• Mile 22 (3,520 theaters) – $16.0 M
  • Mission: Impossible – Fallout (3,482 theaters) – $12.2 M
  • BlacKkKlansman (1,788 theaters) – $7.6 M
  • Disney’s Christopher Robin (3,602 theaters) – $7.3 M
  • Alpha (2,700 theaters) – $6.0 M
  • Slender Man (2,358 theaters) – $4.1 M
  • Mamma Mia! Here We Go Again (2,266 theaters) – $3.5 M
  • Hotel Transylvania 3: Summer Vacation (2,187 theaters) – $3.4 M

Warner Bros. Pictures

Moviegoers are swimming with the shark this weekend.

Warner Bros’. summer thriller The Meg is on track to earn an estimated $44.5 million in ticket sales from 4,118 theaters in the U.S. and Canada from Friday through Sunday, exceeding expectations and unseating Mission: Impossible — Fallout for the No. 1 box office spot.

Heading into the weekend, The Meg had been expected to debut in the $18 million to $22 million range. Marking a high-profile collaboration between Warner Bros. and China’s Gravity Pictures, The Meg cost at least $130 million to produce and will have to perform well overseas to be considered a hit. It’s off to a solid start, grossing an estimated $96.8 million in international markets, including China, this weekend.

Directed by Jon Turteltaub and based on a novel by Steve Alten, The Meg stars Jason Statham as a rescue diver who faces off with a prehistoric shark — the titular megalodon — to save a research team. The cast also includes Li Bingbing, Rainn Wilson, and Ruby Rose.

Critics’ reviews have been underwhelming, but audiences gave The Meg a decent B-plus CinemaScore.

Taking second place this weekend is Mission: Impossible — Fallout, with an estimated $20 million. That brings the film’s domestic total to an estimated $162 million after 17 days in theaters, plus another $275.6 million overseas, for a worldwide total of about $437.6 million.

Disney’s live-action Winnie the Pooh movie Christopher Robin will take third place, with about $12.4 million. After 10 days, its North American total sits at an estimated $50 million.

David Lee/Focus Features

Rounding out the top five are two newcomers: Sony’s horror movie Slender Man, with an estimated $11.3 million from 2,358 theaters, and Focus Features’ BlacKkKlansman, with an estimated $10.8 million from 1,512 theaters. That’s a decent debut for Slender Man, which cost a modest $10 million to make, though the film’s D-minus CinemaScore suggests dreary word-of-mouth prospects.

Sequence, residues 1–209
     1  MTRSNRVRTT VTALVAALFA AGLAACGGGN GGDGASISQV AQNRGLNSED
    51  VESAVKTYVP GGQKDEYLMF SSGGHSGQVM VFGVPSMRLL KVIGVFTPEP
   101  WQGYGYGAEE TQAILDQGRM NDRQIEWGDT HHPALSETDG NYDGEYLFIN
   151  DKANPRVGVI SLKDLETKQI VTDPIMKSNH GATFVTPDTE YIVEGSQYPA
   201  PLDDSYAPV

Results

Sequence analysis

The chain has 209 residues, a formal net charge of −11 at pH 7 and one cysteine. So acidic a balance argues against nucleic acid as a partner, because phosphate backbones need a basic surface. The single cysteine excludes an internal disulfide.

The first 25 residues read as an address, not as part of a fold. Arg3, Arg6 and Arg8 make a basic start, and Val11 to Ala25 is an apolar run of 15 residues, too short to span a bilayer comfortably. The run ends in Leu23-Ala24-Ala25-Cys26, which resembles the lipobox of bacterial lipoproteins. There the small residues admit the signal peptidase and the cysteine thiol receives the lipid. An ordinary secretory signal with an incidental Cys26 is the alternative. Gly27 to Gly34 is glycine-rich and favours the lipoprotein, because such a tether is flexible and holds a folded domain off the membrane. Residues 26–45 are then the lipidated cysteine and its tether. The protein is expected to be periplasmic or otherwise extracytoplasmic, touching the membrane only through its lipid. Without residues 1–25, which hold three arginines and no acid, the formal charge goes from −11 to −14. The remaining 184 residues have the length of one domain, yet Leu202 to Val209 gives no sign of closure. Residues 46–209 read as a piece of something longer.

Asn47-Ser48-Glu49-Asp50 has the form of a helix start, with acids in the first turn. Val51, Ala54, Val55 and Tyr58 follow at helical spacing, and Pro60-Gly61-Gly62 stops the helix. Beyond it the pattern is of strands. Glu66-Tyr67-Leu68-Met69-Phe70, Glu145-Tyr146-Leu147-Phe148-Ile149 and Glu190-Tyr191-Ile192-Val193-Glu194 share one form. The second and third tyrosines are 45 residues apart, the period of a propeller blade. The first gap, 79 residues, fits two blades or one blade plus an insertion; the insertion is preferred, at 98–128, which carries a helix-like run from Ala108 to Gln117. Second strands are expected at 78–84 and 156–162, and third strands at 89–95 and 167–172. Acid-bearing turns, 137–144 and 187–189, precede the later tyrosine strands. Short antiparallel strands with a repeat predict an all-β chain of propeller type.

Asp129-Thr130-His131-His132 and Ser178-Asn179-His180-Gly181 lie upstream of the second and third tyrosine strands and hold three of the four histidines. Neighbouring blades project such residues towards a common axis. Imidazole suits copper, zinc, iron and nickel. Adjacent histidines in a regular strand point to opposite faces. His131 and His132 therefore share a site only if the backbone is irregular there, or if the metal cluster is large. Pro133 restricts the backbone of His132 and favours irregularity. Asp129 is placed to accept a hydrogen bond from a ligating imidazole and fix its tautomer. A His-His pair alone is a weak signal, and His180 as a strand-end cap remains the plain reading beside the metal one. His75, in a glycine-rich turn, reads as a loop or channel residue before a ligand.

As for BlacKkKlansman, the film represents the best opening in more than a decade for director and co-writer Spike Lee. Based on Ron Stallworth’s memoir, the film stars John David Washington as an African-American detective in 1972  Colorado who, with the help of a white partner (Adam Driver), goes undercover to infiltrate the local chapter of the Ku Klux Klan.

BlacKkKlansman has received excellent reviews, with many critics hailing it as a return to form for Lee, while audiences gave it an A-minus CinemaScore.

According to ComScore, overall box office is up 8.4 percent year-to-date. Check out the Aug. 10-12 figures below.

1. The Meg — $44.5 million
2. Mission: Impossible — Fallout — $20 million
3. Christopher Robin — $12.4 million
4. Slender Man — $11.3 million
5. BlacKkKlansman — $10.8 million
6. The Spy Who Dumped Me — $6.6 million
7. Mamma Mia! Here We Go Again — $5.8 million
8. The Equalizer 2 — $5.5 million
9. Hotel Transylvania 3 — $5.1 million
10. Ant-Man and the Wasp — $4 million

Chiabella James/Paramount Pictures

Tom Cruise is in control once again.

The actor’s new spy flick Mission: Impossible — Fallout is on track to earn an estimated $61.5 million in ticket sales at 4,386 theaters in the U.S. and Canada from Friday through Sunday, easily topping the box office and scoring the highest opening yet for the enduring six-film franchise (not adjusting for inflation). Mission: Impossible II previously held that distinction, debuting with $57.8 million in 2000, while the most recent M:I movie, Rogue Nation, bowed to $55.5 million three years ago.

Fallout’s opening comes in toward the higher end of industry projections, which were in the range of $50 million to $65 million. The film, which cost $178 million to produce, received excellent reviews from critics, and moviegoers gave it an A CinemaScore. It could mark a much-needed hit for Paramount Pictures as the studio tries to regain its footing under new leadership. Overseas, in about 40 percent of the foreign marketplace, Fallout will add an estimated $92 million this weekend.

Written and directed by Christopher McQuarrie (who also handled Rogue Nation), Fallout finds super-spy Ethan Hunt (Cruise) and his IMF colleagues trying to recover stolen plutonium after a mission gone awry. The cast also includes Henry Cavill, Simon Pegg, Sean Harris, Rebecca Ferguson, Ving Rhames, and Angela Bassett.Cyborg voiced by KHARY PAYTON, Beast Boy voiced by GREG CIPES, Robin voiced by SCOTT MENVILLE, Raven voiced by TARA STRONG and Starfire voiced by HYNDEN WALCH in Warner Bros. Animation's Animated Adventure "TEEN TITANS GO! TO THE MOVIES," a Warner Bros. Pictures release.

Warner Bros. Pictures

This weekend’s other major new release, Warner Bros’. animated superhero comedy Teen Titans Go! To the Movies, is poised to earn about $10.5 million from 3,297 domestic theaters. That number falls considerably short of industry expectations of $15 million and puts the movie in fifth place.

Based on the TV series Teen Titans Go! and directed by Peter Rida Michail and Aaron Horvath, the film garnered positive reviews and a B-plus CinemaScore.